Late Tuesday night, Assistant to the President Ivanka Trump tweeted an odd photo of herself dramatically holding a can of Goya black beans. Above the photo, she wrote the company's slogan in English and Spanish: "If it's Goya, it has to be good. Si es Goya, tiene que ser bueno." She posted the same photo and slogan on Instagram, as well. The next day, President Donald Trump himself posted a picture in which he posed at his White House desk in front of an array of Goya products, grinning and offering two thumbs up.
Ivanka Trump's posts violated an executive branch ethics regulation prohibiting employees from misusing their official positions to endorse commercial products. As a pictorial representation of the Trump administration's war on government ethics, both photos are perfectly clear. They scream "the rules don't apply to us," a central message of the Trump administration from the start.
Even before his inauguration, President-elect Trump seemed to delight in telling reporters that the ethics rules weren't his thing. As a matter of law, he was mostly right. As a matter of norms, he could not have been more wrong. Since the early 1970s the Justice Department, based on an opinion by then Assistant Attorney General and future Supreme Court Justice Antonin Scalia, emphasized the importance of presidents acting as though the rules applied to them. The Office of Government Ethics (OGE) reiterated this advice in the 1980s and again after President Trump was elected. OGE had a vested interest in doing so. Lacking any real enforcement power of its own, OGE has always depended on White House support for the ethics program. Past presidents delivered that support in abundance.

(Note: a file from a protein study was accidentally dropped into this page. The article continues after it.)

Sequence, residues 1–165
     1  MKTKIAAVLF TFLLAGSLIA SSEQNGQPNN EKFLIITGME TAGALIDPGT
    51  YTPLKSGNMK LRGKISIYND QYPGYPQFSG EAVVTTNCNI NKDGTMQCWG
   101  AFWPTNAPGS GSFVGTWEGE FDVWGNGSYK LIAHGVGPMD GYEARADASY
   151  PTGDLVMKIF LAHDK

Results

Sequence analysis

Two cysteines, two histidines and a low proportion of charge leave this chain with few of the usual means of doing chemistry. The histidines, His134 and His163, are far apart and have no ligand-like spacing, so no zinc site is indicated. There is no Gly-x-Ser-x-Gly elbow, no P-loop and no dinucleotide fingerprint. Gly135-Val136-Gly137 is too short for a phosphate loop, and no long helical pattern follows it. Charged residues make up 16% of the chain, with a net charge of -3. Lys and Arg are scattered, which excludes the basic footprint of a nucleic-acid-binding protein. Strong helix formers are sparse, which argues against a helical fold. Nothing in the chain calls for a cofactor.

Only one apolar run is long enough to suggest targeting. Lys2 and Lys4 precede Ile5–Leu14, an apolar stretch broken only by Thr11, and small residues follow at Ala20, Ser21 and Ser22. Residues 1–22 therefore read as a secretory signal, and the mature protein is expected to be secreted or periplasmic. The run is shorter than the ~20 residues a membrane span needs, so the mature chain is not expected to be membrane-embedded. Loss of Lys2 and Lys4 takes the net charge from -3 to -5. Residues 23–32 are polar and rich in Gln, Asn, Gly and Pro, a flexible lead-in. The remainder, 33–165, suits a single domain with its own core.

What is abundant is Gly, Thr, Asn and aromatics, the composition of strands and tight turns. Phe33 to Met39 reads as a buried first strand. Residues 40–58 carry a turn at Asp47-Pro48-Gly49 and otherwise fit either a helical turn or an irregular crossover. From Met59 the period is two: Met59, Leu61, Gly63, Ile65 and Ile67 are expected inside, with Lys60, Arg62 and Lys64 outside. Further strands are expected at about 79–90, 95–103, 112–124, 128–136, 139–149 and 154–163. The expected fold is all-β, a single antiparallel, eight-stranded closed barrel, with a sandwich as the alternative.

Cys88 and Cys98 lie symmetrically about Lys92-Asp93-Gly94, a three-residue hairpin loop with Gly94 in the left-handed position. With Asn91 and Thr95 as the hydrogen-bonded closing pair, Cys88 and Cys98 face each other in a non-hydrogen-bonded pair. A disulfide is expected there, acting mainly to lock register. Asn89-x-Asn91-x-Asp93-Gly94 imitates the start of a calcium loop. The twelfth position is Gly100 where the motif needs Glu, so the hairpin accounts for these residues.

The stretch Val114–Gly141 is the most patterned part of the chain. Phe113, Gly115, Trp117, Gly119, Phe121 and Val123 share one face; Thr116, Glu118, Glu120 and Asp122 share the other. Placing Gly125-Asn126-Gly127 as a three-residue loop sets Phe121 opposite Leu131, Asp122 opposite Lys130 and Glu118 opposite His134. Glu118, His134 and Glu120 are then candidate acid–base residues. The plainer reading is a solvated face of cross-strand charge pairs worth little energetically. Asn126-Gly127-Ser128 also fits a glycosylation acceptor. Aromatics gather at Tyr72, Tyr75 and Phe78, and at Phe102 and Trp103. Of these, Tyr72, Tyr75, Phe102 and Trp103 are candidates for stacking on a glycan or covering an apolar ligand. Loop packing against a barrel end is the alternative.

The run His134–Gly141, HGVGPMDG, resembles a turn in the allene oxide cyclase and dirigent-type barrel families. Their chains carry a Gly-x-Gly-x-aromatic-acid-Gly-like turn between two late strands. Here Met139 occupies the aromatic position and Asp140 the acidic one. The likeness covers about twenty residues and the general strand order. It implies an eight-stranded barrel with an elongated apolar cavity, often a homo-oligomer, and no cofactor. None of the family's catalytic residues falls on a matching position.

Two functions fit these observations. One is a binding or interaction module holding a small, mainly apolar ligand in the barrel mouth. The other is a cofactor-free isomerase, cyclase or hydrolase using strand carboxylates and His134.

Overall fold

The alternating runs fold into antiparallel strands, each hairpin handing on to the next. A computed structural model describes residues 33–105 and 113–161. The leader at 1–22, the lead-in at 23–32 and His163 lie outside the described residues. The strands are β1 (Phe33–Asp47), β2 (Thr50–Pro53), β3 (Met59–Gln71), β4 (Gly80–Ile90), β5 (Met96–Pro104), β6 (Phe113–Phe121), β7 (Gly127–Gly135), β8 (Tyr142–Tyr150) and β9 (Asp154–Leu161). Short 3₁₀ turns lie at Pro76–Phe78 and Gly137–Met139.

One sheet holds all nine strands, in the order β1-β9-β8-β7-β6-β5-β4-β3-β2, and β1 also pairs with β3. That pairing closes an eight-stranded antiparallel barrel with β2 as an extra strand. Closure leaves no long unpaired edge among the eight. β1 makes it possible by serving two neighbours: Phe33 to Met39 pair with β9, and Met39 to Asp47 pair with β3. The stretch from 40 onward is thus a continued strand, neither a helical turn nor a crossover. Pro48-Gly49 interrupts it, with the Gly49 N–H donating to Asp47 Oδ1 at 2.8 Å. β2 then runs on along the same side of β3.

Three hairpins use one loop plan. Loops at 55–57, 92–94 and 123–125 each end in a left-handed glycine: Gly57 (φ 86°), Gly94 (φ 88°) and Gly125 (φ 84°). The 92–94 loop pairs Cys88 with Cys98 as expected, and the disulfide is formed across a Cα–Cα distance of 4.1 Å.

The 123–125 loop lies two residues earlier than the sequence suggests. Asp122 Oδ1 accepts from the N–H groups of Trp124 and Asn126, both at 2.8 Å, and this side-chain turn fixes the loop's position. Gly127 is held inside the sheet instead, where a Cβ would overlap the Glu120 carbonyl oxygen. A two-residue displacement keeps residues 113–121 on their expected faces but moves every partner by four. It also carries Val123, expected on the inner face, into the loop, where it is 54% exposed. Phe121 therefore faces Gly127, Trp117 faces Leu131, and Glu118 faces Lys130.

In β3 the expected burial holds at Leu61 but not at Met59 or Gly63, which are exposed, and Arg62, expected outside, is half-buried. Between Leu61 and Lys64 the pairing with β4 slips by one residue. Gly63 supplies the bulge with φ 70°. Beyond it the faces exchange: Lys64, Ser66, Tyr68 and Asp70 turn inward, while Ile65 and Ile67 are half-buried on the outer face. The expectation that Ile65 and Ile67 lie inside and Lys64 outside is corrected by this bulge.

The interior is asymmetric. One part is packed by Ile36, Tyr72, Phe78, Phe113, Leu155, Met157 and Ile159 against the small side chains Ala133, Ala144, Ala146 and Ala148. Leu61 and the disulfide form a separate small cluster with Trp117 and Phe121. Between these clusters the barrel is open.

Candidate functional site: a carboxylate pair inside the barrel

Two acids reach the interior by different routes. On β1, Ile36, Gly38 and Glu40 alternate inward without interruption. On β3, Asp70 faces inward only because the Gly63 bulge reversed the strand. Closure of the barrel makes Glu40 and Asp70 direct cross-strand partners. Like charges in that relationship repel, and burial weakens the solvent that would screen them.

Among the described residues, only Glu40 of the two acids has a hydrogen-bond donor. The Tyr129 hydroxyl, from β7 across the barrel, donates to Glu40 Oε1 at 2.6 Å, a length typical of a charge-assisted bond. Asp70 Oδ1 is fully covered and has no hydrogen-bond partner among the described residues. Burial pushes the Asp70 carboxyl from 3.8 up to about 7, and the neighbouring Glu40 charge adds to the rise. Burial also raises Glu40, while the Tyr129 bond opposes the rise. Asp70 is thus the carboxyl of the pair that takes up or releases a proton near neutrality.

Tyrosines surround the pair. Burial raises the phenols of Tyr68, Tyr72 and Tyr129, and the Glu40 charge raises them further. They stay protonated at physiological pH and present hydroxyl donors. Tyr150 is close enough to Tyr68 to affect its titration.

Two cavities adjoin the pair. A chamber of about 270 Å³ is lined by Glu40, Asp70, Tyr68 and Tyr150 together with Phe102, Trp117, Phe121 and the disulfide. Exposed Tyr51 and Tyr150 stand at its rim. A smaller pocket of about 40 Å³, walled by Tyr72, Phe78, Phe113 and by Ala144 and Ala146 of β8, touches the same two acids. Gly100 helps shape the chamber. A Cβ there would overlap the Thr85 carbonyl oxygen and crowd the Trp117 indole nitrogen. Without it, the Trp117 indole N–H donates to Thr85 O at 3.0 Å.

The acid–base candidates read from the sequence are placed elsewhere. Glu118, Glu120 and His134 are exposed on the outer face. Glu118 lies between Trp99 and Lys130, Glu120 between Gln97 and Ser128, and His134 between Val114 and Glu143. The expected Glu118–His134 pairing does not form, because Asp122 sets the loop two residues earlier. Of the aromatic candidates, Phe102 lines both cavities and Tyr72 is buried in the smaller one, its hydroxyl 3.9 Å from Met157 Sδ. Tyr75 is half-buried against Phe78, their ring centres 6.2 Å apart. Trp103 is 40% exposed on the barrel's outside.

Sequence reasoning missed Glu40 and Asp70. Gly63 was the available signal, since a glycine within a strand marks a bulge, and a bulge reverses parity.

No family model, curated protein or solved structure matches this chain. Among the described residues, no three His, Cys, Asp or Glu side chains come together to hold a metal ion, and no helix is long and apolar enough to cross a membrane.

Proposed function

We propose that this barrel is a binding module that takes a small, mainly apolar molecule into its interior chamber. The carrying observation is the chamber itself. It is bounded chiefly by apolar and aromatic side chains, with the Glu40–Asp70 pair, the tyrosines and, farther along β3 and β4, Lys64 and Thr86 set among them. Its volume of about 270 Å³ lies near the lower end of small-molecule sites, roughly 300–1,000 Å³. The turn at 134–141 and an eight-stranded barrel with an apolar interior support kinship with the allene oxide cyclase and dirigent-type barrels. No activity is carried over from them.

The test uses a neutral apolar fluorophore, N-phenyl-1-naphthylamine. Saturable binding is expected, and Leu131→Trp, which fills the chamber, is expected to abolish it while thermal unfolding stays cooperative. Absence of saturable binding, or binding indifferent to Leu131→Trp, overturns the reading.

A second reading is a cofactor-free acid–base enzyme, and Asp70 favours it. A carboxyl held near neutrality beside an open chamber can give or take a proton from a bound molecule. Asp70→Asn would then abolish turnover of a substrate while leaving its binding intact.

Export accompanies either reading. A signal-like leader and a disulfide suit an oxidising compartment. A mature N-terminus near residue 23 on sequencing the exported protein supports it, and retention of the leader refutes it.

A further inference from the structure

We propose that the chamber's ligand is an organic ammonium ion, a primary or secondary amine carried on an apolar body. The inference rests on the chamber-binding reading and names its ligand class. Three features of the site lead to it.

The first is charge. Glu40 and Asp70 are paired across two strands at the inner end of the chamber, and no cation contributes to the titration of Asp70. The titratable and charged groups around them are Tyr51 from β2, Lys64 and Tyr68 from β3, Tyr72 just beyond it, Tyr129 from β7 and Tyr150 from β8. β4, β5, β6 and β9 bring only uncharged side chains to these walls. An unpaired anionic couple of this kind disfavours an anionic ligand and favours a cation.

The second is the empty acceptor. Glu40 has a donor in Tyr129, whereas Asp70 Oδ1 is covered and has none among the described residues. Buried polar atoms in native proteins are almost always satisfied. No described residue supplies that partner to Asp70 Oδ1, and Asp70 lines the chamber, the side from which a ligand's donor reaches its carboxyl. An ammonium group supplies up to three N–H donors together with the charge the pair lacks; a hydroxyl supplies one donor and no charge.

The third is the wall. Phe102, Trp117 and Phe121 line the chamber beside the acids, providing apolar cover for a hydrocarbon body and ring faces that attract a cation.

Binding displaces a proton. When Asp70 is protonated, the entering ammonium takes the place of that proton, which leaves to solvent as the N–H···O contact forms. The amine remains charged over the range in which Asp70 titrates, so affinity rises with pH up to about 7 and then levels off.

They also led by example, establishing a post-Watergate norm of presidents divesting their conflicting financial interests or placing them in blind trusts. But Trump's very first act as president was to breach that norm. With that initial act, he made clear that even if he wanted to support the government ethics program, he would lack the moral authority to do so. And he has made clear that he doesn't want to support that program; he and his staff are openly hostile to it.
Three weeks after Trump's inauguration, Kellyanne Conway showed she had received the president's anti-ethics message. Participating in a television interview from the White House, Conway told America to "go buy Ivanka's stuff." As OGE's director, I asked the White House to address this violation of the misuse of position regulation. The White House shrugged off the violation, responding that Conway had uttered her endorsement "in a light, offhand manner" and was "highly unlikely to do so again."
But Conway did violate ethics rules again, literally dozens of times. That's according to Henry Kerner, the Trump appointee leading the U.S. Office of Special Counsel (OSC). That agency (which is unrelated to former special counsel Robert S. Mueller III) enforces the Hatch Act, an ethics law that prohibits misuse of official position to influence partisan political elections. Conway violated that law so many times that Kerner recommended her termination. Trump rejected the recommendation.
As long as the White House protects ethics violators, presidential appointees will continue violating ethics rules. OSC has determined that at least 13 Trump appointees have violated the Hatch Act. Ethics investigations and resignations under the cloud of ethics violations are now the hallmark of the Trump administration. Ivanka Trump's endorsement of Goya beans is only the latest in the administration's long string of ethics problems.